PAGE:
The Canadian Trucking Alliance is warning truck drivers and carriers that using the so-called Driver Inc employment scheme could ultimately come back to bite them.
The use of Driver Inc. as a recruitment tool is becoming so widespread that without quick intervention by the Government of Canada and provincial worker compensation boards all carriers may soon have to consider adopting the payment system to compete for drivers, says CTA.
The Driver Inc. model is based on commercial vehicle operators, who do not own/lease or operate their own vehicle, becoming incorporated and receiving payment from their carrier with no source deductions. This practice opens the door to the possibility of widespread tax evasion by those engaged in Driver Inc.
“Against the backdrop of a severe driver shortage facing our sector, the Driver Inc. payment system is unfortunately becoming a preferred way to attract contract drivers to fleets. However, CTA believes that contract drivers who are utilizing company vehicles, without any financial risk/responsibility to own/operate the vehicle, contravenes the historical definition of driver-contractor status in our sector,” said Stephen Laskowski, president, CTA. “To now rule against this historic principle, effectively changing the definition, would turn our industry upside down.”
Throughout 2018 CTA has been working with the Canada Revenue Agency (CRA) to clarify their position on Driver Inc as a legal payment system while urging the agency to commit enforcement in this area.
In response, the CRA advised CTA that while it can’t comment on any particular company, it is working with CTA to provide industry additional information about determining whether a driver is an employee, incorporated employee (personal service business – PSB) or an independent contractor as well as tax implications for drivers that fall into each of these categories. CRA also told CTA that ensuring a worker, in this case a driver, is correctly characterised is a very important part of the payer’s job. Income paid to drivers must always be reported, and the law requires that businesses report this income on either a T4 for employees or T4A for contractors.
“Incorporating yourself as a driver, without owning/operating your own truck, has significant labour law and tax implications. Many drivers and companies utilizing this system seem to think Driver Inc is some previously undiscovered tax oasis. It’s not; it’s a mirage.,” explains Laskowski. “The tax filing implications make the Driver Inc. model a very questionable approach to legitimately increasing drivers’ take-home pay. Obviously not declaring your income is a highly illegal method to increasing pay, made easier by the fact that CRA does not always find businesses that don’t issue T4A’s to contractor drivers.”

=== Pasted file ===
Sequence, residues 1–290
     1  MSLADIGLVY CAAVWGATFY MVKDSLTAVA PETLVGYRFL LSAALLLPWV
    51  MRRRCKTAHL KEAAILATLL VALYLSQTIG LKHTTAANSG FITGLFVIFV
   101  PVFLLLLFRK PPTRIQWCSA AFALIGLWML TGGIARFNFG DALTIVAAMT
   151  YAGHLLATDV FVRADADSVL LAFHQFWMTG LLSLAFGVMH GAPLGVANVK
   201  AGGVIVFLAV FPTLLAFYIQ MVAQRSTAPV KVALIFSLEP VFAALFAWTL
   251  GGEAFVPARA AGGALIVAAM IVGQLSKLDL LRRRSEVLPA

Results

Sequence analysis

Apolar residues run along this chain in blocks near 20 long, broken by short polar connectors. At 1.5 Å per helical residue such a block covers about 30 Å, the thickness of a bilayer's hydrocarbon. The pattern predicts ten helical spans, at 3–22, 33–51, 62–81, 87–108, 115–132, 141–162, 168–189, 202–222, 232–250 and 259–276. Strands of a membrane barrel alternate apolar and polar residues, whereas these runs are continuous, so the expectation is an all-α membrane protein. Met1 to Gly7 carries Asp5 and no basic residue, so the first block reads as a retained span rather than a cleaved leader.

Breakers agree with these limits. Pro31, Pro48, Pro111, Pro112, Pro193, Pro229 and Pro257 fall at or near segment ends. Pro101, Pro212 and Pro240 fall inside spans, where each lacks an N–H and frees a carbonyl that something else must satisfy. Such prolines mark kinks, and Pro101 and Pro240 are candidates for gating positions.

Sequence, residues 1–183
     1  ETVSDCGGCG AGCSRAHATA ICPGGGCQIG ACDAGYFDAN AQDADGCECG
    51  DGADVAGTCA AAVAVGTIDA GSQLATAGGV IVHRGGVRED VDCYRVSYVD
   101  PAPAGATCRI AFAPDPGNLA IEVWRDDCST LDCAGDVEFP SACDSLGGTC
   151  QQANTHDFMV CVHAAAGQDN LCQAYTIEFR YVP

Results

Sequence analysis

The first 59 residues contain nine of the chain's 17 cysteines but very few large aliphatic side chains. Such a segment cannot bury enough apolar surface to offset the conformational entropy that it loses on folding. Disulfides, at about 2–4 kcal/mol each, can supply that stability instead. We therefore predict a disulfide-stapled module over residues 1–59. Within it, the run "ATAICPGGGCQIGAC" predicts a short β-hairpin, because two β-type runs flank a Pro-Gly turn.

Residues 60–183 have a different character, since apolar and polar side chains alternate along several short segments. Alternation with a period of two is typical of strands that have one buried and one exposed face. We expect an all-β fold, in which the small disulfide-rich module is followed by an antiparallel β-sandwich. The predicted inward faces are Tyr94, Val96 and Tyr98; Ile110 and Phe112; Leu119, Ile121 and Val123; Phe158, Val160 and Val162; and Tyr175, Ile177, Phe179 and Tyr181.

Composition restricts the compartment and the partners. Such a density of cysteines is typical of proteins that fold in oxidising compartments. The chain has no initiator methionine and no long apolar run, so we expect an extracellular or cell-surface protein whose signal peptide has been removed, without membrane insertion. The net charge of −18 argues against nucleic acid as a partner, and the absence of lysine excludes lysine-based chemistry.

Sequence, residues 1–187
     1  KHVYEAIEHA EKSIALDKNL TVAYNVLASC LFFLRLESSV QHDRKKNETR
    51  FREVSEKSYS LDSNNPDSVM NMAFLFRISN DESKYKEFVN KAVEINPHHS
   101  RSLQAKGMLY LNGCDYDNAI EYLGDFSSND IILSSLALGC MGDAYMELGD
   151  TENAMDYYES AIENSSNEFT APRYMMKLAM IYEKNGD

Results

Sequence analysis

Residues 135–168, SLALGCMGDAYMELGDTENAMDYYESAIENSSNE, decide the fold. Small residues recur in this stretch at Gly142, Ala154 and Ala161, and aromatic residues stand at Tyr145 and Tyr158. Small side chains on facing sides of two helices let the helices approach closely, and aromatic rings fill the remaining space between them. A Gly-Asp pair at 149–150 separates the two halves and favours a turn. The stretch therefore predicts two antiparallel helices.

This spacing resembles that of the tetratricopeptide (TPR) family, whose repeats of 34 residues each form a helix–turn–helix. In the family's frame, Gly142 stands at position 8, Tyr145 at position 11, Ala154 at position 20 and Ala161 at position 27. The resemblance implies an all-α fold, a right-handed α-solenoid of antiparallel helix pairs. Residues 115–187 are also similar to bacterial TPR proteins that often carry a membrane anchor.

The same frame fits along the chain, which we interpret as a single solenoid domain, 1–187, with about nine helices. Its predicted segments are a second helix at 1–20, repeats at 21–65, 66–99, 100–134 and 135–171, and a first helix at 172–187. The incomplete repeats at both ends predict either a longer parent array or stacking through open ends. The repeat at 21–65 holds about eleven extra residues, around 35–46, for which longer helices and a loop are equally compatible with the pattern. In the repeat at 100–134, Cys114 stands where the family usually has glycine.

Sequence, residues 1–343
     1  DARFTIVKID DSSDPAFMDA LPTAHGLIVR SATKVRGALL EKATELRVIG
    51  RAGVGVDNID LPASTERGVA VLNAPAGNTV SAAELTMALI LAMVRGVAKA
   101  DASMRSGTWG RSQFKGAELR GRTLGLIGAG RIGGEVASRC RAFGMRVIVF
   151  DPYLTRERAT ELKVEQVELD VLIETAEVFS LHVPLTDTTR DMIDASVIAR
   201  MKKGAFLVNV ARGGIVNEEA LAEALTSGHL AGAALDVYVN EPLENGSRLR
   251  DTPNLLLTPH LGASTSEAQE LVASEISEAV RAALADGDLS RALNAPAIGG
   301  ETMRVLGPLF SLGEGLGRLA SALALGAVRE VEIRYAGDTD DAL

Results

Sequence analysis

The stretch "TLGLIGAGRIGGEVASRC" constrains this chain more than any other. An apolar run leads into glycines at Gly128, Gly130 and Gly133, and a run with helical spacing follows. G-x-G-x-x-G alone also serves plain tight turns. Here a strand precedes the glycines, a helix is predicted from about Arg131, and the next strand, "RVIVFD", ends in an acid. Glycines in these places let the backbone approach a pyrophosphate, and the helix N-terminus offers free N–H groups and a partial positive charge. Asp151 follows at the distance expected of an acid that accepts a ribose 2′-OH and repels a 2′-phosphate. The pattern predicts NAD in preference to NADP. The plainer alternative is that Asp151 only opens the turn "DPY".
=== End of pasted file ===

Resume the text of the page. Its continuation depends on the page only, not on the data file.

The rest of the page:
Consequently, CTA is urgently requesting CRA commence a country-wide enforcement campaign to ensure companies and drivers engaged in the Driver Inc. model are paying their fair share of taxes by filing as a Personal Services Business (PSB) and implement a policy requiring all truck drivers to be issued either a T4 or a T4A in 2018, added Laskowski.
CTA is expecting a policy and enforcement decision from CRA on the issue of Driver Inc, PSB filing implications this fall while seeking an enforcement ruling from Employment and Social Development Canada regarding the labour implications of Driver Inc. CTA is also asking each provincial trucking association to engage their local workers’ compensation boards to ensure Driver Inc drivers and companies are paying their legally required coverage payments.
‘We believe Driver Inc. is costing the Canadian government millions in lost tax revenue from drivers not filing as a PSB or simply not properly reporting their income. If governments do not do something soon to protect the law-abiding, tax paying part of the industry, it could soon add up to billions in lost dollars as the majority of truck drivers will trend towards accepting only one form of payment – Driver Inc,” said Laskowski. ‘The sad reality is in certain parts of the country we are not far off from this scenario. We need clarity, enforcement, and we need it soon.”
As part of its 2018 prebudget submission, CTA is requesting more resources for CRA to dedicate and increase enforcement of Driver Inc in the trucking sector. Specifically, CTA is asking for a massive blitz of drivers and carriers improperly utilizing the Driver Inc model.
“If carriers and drivers are properly paying and filing as a PSB then they should have no worries. Those drivers and companies using the PSB system as a shell game to avoid paying their fair share of taxes should be concerned,” added Laskowski, who warns that potential back taxes and penalties against carriers and drivers who have been improperly filing as a PSB could be significant, notwithstanding additional interventions by ESDC and provincial workers compensation boards”
Drivers or carriers who would like CRA information and explanations on Driver Inc and PSBs – when they’re made available this fall – can e-mail CTA at [email protected]